Volunteers needed for Great Smoky Mountain ‘Adopt-a-Plot’ Program. National park rangers are seeking volunteers to monitor designated plots throughout the park. Participants will track phenology, or nature’s calendar. No experience is required but individuals with an interest in science and nature should thrive. Volunteers will collect important research data such as plant flowering dates and tree canopy foliage changes.
Volunteers will participate in a 3-hour training workshop that covers topics like tree identification techniques, stages of tree change throughout the year, fruit and flower identification, and phenology data collection protocols. Volunteers are required to attend one of the training sessions held at either Oconaluftee Visitor Center near Cherokee, NC on Saturday, February 29 from 10:00 a.m. to 1:00 p.m. or at Sugarlands Visitor Center near Gatlinburg, TN on Saturday, March 7 from 10:00 a.m. to 1:00 p.m.
Bob Ross’ son hosts painting workshops at Blount County Public Library. The beloved painter Bob Ross is best known for “happy little trees,” mountain scenes, and the most laid back attitude on life that could be imagined. His PBS series the “Joy of Painting” continues to inspire young and old to take up painting almost thirty years after his passing.
Bob’s technique has been described as painting for the masses. It is quick, efficient and always personalized.
Bob was generous with his knowledge and his talent did not fall far from the tree. Bob’s son Steve Ross has followed in his footsteps and has continued the tradition of education. He will be hosting painting workshops in the “Joy of Painting” style March 4, 2020 through March 8, 2020. Fans of the show will remember Bob’s coworker Dana Jester. Dana will be on hand at the workshops to share her knowledge and provide guidance to participants.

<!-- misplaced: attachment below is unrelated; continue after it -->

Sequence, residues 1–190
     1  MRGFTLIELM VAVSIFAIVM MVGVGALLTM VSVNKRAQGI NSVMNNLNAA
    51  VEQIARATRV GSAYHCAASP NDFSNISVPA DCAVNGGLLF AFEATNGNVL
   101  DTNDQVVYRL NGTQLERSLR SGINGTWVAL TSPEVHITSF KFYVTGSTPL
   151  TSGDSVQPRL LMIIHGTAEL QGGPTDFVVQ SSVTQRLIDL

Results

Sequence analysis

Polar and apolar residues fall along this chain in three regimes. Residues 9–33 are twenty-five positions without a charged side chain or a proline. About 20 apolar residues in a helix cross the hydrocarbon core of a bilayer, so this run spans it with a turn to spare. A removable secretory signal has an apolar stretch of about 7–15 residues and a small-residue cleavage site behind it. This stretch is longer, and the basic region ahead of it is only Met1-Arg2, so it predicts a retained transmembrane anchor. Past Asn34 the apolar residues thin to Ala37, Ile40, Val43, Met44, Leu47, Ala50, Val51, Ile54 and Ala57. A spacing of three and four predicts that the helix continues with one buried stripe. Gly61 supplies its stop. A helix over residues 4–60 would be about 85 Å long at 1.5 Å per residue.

Appalachian Bear Rescue’s Mardi Bear Event will be a fun way to celebrate Mardi Gras in the Smokies! This Smoky Mountain event is scheduled for Tuesday, February 25, 2020, 6:00 p.m. to 9:00 p.m. The event will be held at the Wild Laurel Golf Course Club House found at 702 Country Club Dr., Townsend, TN 37882.
The Shrimp Dock from Maryville, Tennessee will be providing delicious, fresh seafood to satisfy the hungry bear in everyone! The menu will include a hot shrimp boil with chicken, jambalaya, king cake and a cash bar. Daiquiris and beer will be served up to quench your bear sized thirst. You don’t have to walk on four legs to enjoy this fun Mardi Gras event, just come hungry. All the fun and good eats will raise funds for Appalachian Bear Rescue’s recent bear additions from Louisiana; King B. Beignet, Boudreaux and Jessamine.
Appalachian Bear Rescue has been rehabilitating orphaned black bears and returning them to the wild for over two decades. Based in Townsend, Tennessee, the sprawling ABR facility accepts bears from the Appalachian Mountains and across the United States. HeySmokies.com is proud to be partnered with Appalachian Bear Rescue via our area donation box program. Leading area businesses proudly display our HeySmokies donation boxes benefitting ABR. To date the HeySmokies donation box program has raised over $15,000.00 for Appalachian Bear Rescue and area charities. When making a donation be sure and pick up a free, colorful HeySmokies bumper sticker for your car. Stick it on and show the world that you support our effort to rescue orphaned bear cubs! With over 100,000 free stickers distributed the HeySmokies nation continues to grow each year! We are happy to announce our newest donation box location at the Local Goat in Pigeon Forge. If you would like to display a donation box in your business please contact HeySmokies.com today!
Great Smoky Mountains National Park Hosts 12.5 Million Visitors. Great Smoky Mountains National Park broke it’s all time annual attendance record. 12,547,743 visitors explored the park in 2019, which is 1,126,540 more visitors than in 2018. These visitation numbers secure the park’s place as America’s most visited national park again. The park’s three main entrances near Gatlinburg, Townsend, and Cherokee all had increased use. These areas accounted for about two-thirds of the total park visitation. The Metcalf Bottoms entrance near Wears Valley experienced tremendous growth, due primarily to the new section of the Foothills Parkway between Walland and Wears Valley. Over one million visitors enjoyed this new scenic driving experience.
“I am very proud of our employees who work hard each day, along with our volunteers and partners, to help provide outstanding visitor experiences and to protect the resources that people come here to enjoy,” said Superintendent Cassius Cash. “With growing visitation, this has become more challenging. In 2020, we’ll be inviting people to help us thoughtfully look at how we can improve access and continue caring for this very special place.”